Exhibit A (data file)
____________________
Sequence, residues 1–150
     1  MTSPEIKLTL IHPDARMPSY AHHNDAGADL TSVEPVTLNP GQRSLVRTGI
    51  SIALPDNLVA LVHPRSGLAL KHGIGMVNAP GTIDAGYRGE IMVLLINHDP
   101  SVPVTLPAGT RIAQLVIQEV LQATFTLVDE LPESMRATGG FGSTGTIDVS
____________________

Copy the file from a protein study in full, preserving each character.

Sequence, residues 1–150
     1  MTSPEIKLTL IHPDARMPSY AHHNDAGADL TSVEPVTLNP GQRSLVRTGI
    51  SIALPDNLVA LVHPRSGLAL KHGIGMVNAP GTIDAGYRGE IMVLLINHDP
   101  SVPVTLPAGT RIAQLVIQEV LQATFTLVDE LPESMRATGG FGSTGTIDVS